Panorama of Silicon Valley from Mt. Umunhum and a story of fraud and corruption

Recently, we had a day of extremely clear air here in Silicon Valley, so we made our first trip up to Mount Umunhum, the high peak to the south of San Jose, and the former site of a SAGE radar station. Recently it was opened to the public. Close as it seems, it's an hour drive, but fun in the Tesla.

Up there I shot a high resolution panorama of the whole South Bay, stretching up to SF. I have shot many panoramas of the Bay Area so I add this one to the list.

Click on the thumbnail for a "zoom" viewer, then in the viewer click full screen, and wander around using your scroll wheel to zoom and your arrow keys or mouse.

I was reminded at the top of the campaign by my friend Les Earnest, who worked on Sage, to make it a monument to government waste. Sage cost the taxpayaers an immense amount of money, and never worked, and they knew it didn't work.

He tells the story in his essay here.

His story opens up an interesting question. After spending billions to detect Soviet bombers, they "decided" that the fact that it doesn't work should be classified. This silenced critics, but in theory, it was done because the real purpose of such a system is not to spot the bombers but deter them. In theory, again, if the Soviets didn't know it didn't work, it made sense to keep spending money to run it and improve it, as though it worked. To stop spending money or admit failure would mean that even the deterrent value of the early spending was lost.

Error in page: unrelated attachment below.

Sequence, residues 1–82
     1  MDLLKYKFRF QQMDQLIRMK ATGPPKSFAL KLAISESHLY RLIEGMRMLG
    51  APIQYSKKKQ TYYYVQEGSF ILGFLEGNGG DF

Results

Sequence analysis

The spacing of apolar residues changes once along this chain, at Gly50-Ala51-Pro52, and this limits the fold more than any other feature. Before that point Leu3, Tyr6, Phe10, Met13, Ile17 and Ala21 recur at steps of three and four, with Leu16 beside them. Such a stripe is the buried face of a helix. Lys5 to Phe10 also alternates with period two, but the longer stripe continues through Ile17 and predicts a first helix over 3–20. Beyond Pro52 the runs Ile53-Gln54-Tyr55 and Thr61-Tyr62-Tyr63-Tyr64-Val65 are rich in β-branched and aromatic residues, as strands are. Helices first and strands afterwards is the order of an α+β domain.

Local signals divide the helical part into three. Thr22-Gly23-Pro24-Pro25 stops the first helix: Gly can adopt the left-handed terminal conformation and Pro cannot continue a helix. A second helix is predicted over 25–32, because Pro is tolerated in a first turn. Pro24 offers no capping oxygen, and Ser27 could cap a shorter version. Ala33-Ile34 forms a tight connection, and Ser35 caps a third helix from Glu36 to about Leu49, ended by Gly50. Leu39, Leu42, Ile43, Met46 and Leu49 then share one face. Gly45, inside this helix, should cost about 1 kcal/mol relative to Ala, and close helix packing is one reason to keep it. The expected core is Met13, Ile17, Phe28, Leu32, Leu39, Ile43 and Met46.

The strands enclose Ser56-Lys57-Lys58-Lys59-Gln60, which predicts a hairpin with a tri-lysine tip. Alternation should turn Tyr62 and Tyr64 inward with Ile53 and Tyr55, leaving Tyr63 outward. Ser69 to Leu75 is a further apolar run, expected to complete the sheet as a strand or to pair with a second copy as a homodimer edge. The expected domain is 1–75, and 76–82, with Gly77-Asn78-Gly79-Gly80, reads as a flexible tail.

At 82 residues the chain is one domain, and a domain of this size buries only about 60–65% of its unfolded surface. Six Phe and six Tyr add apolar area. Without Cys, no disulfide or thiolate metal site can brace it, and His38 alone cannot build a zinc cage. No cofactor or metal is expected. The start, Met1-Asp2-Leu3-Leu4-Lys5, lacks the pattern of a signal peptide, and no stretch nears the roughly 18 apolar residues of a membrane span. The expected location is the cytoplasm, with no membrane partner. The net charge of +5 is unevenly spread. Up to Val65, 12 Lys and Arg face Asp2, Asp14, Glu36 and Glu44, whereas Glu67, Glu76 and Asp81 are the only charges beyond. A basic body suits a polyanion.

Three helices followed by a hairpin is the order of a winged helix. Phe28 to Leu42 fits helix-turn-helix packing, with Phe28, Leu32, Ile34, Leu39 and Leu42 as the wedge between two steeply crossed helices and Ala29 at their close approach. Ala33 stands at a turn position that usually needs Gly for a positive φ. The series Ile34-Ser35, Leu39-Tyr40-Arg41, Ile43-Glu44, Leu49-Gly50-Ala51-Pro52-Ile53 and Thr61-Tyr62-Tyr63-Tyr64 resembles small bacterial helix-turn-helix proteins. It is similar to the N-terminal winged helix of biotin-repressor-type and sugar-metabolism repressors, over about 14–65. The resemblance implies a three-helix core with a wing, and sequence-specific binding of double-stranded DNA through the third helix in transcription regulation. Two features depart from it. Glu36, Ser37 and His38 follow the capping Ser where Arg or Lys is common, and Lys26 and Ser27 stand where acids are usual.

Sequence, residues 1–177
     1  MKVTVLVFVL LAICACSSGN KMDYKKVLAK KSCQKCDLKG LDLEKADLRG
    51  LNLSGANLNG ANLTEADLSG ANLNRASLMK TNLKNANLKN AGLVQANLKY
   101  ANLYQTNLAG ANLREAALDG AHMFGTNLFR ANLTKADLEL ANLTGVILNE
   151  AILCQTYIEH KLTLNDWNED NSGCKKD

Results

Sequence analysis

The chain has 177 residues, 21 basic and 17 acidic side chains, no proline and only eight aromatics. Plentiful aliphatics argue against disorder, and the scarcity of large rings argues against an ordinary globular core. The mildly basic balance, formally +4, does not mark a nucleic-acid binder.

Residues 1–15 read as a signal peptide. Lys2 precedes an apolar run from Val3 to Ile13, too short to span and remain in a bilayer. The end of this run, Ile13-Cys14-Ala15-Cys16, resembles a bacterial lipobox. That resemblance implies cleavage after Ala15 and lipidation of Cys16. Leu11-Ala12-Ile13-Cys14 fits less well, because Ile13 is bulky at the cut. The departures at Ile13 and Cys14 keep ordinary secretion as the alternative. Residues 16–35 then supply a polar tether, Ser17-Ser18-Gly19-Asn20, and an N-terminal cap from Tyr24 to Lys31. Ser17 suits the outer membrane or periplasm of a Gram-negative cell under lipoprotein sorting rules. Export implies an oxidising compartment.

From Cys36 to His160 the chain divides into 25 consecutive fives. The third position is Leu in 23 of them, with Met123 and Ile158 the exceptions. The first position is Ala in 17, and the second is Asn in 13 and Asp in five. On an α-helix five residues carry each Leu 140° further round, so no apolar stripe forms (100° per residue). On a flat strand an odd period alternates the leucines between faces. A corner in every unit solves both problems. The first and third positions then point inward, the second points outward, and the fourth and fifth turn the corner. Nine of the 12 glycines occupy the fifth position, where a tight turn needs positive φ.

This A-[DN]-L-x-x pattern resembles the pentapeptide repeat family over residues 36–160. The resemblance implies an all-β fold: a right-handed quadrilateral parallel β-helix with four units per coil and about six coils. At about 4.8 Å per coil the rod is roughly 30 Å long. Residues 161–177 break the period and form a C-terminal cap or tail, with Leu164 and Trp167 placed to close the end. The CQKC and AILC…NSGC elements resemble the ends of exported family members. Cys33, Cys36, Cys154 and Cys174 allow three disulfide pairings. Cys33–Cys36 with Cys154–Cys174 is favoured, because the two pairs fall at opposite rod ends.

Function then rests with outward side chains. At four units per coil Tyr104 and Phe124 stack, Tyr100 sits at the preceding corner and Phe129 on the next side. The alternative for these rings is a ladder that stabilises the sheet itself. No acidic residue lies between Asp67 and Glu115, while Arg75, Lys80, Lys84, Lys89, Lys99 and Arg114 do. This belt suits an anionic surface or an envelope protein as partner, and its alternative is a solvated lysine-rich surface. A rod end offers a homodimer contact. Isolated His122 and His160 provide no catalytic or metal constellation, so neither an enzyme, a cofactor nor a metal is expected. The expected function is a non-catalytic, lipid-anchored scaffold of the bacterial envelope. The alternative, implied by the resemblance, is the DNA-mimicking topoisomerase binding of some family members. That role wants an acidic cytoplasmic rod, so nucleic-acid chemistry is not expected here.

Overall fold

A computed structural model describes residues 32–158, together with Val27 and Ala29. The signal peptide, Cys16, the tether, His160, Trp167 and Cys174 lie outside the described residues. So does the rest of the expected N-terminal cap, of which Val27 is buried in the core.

There are many flaws with that theory. The Soviets almost certainly knew it didn't work, it was only the public being fooled. And there is a huge incentive for generals and contractors to line their pockets with money to "maintain" it. But let's presume for a moment that the Soviets didn't know. What's the right strategy?

People who build failed projecs should be punished, and certainly should not be rewarded with more money. Yet, if you don't, enemy spies will surely notice this. They look at the clues about how much contractors are making, how officers are progressing in the ranks. If a contractor is punished with no new work, that will be evident, hinting they failed at earlier work. Executives will live in less expensive houses. Officers will get less prime duty. It's almost impossible to hide this sort of thing.

So it's a difficult question. How do you punish failure, or at least not reward failure, without letting the enemy know what failed? But if you do reward failure, how do you incentivize success? One minor thought would be the promise of posthumous shaming, which is what Les suggested -- that the monument on the mountain tell the story of how those who built it were part of what he calls "the biggest taxpayer fraud in world history." Nobody wants to admit this, and Les never got his way.

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